The blues isn’t dead, it’s just 19 years old
At the age of 11, Christone “Kingfish” Ingram began cutting his chops in Morgan Freeman’s Ground Zero blues club and other venues around town, starting off on the drums and later picking up the bass guitar as well. At the age of 13, Ingram picked up the guitar, and from there the legend of Kingfish started to grow even faster.
Fast-forward six years, and Kingfish’s music is making a splash internationally. His guitar has carried the blues as far as France and even to the White House to perform for former first lady Michelle Obama. But last week, it took him back to Mississippi, to Vicksburg as a part of Riverfest.
“It was amazing because there was a good amount of people out there, but by the time we did our last song it was kind of packed,” Ingram said.
That can often be the case with Kingfish’s live shows. It might not start off packed but soon the sounds of his guitar and smooth vocals bring forth a crowd of fans that just have to see who can still make music like that.
“That was cool, that was my first time playing in Vicksburg,” Ingram said. “I saw some friends, made some new ones, the crowd was nice. It was awesome.”
Ingram grew up in Clarksdale, a town whose slogan is “The birthplace of the blues and rock ‘n’ roll!” and for good reason, with the Mississippi Delta spawning bluesmen like Robert Johnson and Clarksdale being the birthplace of artists like Sam Cooke and Earl Hooker.
Ingram was introduced to the genre at an early age. His neighbors were in a blues band, and local greats like Terry “Big T” Williams and Josh “Razorblade” Stewart would frequent their house. Ingram met them around age five or six, and years later was playing with them on stage.
Around the age of 15, local news outlets were starting to pick up on the buzz surrounding him, the national scene soon followed. Ingram eventually made appearances on the Rachael Ray and Steve Harvey shows and was dubbed a prodigy. If you see him live, it doesn’t take long to see that moniker hasn’t been thrown around lightly.
Ingram knows he was eschewing the normal when he began playing the blues, but said it wasn’t just the genre that called to him, but also the history of where he grew up. When he plays guitar, you can tell Ingram’s not just playing music for himself. He’s also playing for the ghosts of the blues in the Mississippi Delta that paved the way so many years ago.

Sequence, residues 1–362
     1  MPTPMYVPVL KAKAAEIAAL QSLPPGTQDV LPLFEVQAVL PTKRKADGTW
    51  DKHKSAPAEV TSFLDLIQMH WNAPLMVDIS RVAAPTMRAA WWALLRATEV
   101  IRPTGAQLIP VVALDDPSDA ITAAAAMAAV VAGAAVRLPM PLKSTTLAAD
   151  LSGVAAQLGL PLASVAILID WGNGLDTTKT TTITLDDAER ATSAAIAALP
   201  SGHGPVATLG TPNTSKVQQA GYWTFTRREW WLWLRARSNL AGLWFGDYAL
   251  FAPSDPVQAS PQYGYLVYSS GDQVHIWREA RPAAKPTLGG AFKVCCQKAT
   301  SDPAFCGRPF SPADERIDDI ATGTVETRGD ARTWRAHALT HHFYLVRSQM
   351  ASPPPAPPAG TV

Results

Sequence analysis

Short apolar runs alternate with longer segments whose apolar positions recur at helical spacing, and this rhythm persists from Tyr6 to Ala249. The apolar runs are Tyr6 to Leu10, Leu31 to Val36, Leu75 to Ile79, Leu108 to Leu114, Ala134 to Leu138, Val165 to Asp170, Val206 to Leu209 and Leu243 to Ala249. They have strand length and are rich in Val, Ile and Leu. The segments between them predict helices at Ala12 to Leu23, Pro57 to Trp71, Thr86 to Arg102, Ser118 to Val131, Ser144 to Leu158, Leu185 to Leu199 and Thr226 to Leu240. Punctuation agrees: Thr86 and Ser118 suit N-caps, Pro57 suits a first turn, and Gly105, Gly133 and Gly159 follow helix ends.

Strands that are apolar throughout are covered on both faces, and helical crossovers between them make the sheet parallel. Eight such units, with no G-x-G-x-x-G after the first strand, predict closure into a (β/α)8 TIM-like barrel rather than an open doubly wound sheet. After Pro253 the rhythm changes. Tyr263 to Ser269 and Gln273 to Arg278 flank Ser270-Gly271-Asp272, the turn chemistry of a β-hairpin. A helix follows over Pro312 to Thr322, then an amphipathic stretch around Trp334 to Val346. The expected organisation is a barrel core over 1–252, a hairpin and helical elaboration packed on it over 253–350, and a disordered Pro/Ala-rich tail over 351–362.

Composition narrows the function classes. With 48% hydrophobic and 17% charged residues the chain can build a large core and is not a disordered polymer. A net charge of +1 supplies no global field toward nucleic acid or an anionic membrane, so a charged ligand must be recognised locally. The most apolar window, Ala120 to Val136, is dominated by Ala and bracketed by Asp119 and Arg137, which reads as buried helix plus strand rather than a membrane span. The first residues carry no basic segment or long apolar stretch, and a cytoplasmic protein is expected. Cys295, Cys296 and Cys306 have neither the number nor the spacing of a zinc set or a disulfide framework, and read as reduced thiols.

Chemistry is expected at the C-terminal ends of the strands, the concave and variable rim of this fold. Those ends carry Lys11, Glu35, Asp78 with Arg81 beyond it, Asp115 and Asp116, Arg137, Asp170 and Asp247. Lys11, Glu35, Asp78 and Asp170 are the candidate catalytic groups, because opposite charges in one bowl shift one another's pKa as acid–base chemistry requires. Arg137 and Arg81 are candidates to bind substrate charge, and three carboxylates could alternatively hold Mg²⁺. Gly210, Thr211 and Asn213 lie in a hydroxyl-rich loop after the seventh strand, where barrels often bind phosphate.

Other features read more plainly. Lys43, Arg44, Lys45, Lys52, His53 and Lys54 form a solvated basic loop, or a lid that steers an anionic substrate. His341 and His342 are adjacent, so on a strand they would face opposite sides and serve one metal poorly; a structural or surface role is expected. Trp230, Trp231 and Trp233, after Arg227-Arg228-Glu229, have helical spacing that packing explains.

“It’s apart of my culture, and you don’t see too many young black kids that are into it,” Ingram said. “The blues is our history, our culture, so it’s something that we need to embrace and that we need to learn about, so I just wanted to keep my history going.”
This year, the very first Kingfish album will be released after Ingram recorded it at Ocean Way Studios in Nashville. Ingram worked with legendary songwriter and producer Tom Hambridge on all but one of the songs. Ingram and Hambridge clicked quickly, and were able to write a few of the tracks in just one day.
The album is a long time coming for Ingram, and he said he was excited to finally share his own voice and show how he sees things.
“With me being young, around the age of maybe 15, I didn’t really have the support that other young kids had,” Ingram said. “You had kids doing albums when they were like 15, I didn’t really have that type of support, so I’m glad I finally got the support to finally put my all forth.”
Ingram has never forgotten his southern roots, and still tours around Mississippi frequently.
“It’s like a big pot of gumbo,” Ingram said of his home state. “All these things mixed up. It makes the statement, good people, good music, good food, and southern hospitality. Although we do have our bad pieces, racism and everything, you just can’t let that stuff stagnate us, ’cause we have all these other positive pieces about us.”
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